Salina Police Department
The Petticoat Bandit
Shortly after 7:00 P.M. on December 28, 1950, a call was received at the police station, stating that the Hendricks Liquor Store at Ellsworth and Santa Fe was being robbed. Officer Smith, who at that time was on his way to dinner, reported to the station that he was near the scene and that since Officer Roy Rodgers, who lives next door to the liquor store, was at home he asked that Rodgers be called to assist him.
Upon Smith’s arrival at the liquor store he found that one man was sitting in front of the store in a 1950 Dodge Coronet, with the motor running and a woman was in the liquor store. Smith took the man from the Dodge and as he did so, he saw the woman start from the store toward the car. As she reached the car, Smith saw Rodgers coming around the building from the north, with his revolver in his hand. Smith called “Watch that woman.” However, just as he called, she leaned into the car and brought out a sawed-off .410 shotgun and, taking deliberate aim, fired at Rodgers and hit him in the right upper arm and chest. Rodgers was knocked from his feet into the street but in falling, managed to transfer his gun from his right to his left hand and fire it toward the car. In the meantime, the woman had entered the car and was driving off. Mr. Hendricks, owner of the liquor store, had come out to the scene and he fired three times at the car with a shotgun and Officer Smith, handicapped by the struggling prisoner he was holding, was also trying to hit the driver.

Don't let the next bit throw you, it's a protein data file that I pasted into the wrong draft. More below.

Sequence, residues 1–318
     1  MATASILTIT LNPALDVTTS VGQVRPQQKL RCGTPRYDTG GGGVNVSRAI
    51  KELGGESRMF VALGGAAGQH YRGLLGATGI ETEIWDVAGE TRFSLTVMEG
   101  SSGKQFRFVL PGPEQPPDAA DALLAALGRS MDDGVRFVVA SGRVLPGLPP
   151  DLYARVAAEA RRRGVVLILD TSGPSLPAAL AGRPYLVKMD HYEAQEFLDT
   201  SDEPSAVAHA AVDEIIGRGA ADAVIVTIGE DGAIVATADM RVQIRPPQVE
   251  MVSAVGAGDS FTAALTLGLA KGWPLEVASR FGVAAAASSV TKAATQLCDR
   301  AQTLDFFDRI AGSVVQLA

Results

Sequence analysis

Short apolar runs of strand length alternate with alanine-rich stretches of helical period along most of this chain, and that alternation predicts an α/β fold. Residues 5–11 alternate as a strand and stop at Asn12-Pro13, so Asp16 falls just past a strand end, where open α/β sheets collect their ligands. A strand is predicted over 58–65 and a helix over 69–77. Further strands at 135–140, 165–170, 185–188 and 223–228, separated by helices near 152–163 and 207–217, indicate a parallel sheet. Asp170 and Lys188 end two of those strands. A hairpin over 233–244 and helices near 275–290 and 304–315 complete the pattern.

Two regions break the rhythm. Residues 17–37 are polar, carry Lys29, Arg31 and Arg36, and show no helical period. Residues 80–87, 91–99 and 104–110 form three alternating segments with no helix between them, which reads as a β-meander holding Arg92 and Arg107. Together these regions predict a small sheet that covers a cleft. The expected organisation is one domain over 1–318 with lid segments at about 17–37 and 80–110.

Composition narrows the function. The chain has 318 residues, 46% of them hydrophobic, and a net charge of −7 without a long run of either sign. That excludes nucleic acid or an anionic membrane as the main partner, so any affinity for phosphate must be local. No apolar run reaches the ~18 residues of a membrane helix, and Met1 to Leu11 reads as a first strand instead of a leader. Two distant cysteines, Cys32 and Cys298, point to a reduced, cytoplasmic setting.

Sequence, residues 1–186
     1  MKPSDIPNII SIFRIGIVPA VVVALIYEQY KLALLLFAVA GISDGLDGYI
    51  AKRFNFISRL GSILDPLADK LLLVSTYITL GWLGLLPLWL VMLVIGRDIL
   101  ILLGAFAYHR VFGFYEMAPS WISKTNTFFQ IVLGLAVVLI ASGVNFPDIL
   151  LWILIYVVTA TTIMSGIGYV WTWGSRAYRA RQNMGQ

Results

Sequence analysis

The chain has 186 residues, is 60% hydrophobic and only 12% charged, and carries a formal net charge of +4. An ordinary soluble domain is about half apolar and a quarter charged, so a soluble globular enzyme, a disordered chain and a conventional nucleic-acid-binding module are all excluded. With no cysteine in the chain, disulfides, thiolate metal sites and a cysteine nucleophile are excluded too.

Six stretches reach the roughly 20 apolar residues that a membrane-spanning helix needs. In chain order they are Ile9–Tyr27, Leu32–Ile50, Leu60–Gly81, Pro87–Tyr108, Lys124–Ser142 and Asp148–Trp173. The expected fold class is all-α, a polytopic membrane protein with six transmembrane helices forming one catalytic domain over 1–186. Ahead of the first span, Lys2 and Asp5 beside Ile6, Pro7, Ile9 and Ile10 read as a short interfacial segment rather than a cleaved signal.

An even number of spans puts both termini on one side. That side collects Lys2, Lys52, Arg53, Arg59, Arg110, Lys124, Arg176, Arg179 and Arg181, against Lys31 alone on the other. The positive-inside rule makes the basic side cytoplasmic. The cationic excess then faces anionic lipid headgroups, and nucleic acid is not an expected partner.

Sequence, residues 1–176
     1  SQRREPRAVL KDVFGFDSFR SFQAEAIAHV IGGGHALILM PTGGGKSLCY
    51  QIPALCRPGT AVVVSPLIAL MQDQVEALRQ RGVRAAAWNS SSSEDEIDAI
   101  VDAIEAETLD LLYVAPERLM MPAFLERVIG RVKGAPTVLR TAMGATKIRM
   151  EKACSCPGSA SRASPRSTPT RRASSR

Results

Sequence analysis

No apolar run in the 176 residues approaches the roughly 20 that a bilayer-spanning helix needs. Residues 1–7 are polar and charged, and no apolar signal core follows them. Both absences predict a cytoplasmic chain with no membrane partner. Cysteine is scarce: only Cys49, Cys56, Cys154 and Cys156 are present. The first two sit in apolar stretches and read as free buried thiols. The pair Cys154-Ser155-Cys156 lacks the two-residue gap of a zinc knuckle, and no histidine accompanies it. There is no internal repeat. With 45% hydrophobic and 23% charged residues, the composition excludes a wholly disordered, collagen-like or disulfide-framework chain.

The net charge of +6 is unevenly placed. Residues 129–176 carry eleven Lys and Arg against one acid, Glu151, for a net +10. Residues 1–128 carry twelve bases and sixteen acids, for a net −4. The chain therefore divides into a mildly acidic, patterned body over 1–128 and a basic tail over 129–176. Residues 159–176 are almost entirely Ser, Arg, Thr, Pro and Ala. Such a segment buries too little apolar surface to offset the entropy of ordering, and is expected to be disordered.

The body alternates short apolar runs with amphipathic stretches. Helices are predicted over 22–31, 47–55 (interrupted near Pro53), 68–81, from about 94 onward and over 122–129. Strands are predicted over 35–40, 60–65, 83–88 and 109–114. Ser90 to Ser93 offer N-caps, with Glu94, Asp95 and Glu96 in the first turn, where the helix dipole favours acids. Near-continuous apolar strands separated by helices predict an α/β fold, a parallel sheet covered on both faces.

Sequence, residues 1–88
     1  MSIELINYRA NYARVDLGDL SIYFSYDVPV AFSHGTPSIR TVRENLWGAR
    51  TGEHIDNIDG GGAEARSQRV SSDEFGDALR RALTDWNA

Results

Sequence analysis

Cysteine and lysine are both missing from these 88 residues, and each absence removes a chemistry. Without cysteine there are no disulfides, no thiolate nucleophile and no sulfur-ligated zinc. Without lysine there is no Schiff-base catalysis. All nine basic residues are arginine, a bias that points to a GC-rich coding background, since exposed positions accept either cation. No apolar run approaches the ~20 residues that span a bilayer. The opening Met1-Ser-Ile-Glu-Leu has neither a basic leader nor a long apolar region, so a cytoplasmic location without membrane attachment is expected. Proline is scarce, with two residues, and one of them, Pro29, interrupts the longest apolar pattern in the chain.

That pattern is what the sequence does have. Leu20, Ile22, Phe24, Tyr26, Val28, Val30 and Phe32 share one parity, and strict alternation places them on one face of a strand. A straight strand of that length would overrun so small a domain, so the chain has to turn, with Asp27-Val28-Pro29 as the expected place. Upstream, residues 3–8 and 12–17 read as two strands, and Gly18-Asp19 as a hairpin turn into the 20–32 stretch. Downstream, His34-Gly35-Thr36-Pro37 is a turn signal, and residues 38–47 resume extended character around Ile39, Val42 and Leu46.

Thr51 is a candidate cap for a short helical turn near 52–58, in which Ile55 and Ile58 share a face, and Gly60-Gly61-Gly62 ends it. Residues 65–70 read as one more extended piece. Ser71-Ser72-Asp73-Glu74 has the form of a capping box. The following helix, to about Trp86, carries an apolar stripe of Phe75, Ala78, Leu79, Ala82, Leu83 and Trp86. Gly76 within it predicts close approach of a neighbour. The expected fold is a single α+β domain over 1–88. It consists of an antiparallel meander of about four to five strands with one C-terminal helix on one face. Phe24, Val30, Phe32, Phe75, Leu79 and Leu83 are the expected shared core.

Officer Smith apprehended Maurice Bradley at the scene. Officers of the Newton Police Department apprehended Bradley’s accomplice, Teddy Pearsall, the following day. Teddy Pearsall was dubbed the “Petticoat Bandit” for his impersonation of a female robber. Both men were charged with robbery and assault with intent to kill and eventually sentenced to the state penitentiary.
Officer Rogers’ injuries to his arm and shoulder were extensive and his right lung had multiple punctures. Rodgers eventually began to respond to treatment, however was never able to return to work. He retired in May 1951.
Man’s Best Friend?
In September 1976, a fugitive was placed on the desk of Chief Woody. Immediately there was a nose to nose and eye to eye encounter. Woody blinked and smiled, and “Patty” became part of the force. Patty was a 1 and one half-year-old English bulldog, who the Humane Society brought to the chief, reportedly because of their mutual resemblance. “It was love at first sniff,” reported one anonymous official at the time.
As the official police mascot, Patty was given the run of the station. Despite, or perhaps because of a face that would stop a high speed chase, she was blessed with an amiable temperament and was popular with her “fellow” officers.
When not out for a walk with one of the secretaries, Patty could be found behind the booking desk, and therein was the serious aspect of her job. When disturbances arose, the booking area usually was the scene. One look at Patty’s unhappy face usually slowed down troublemakers.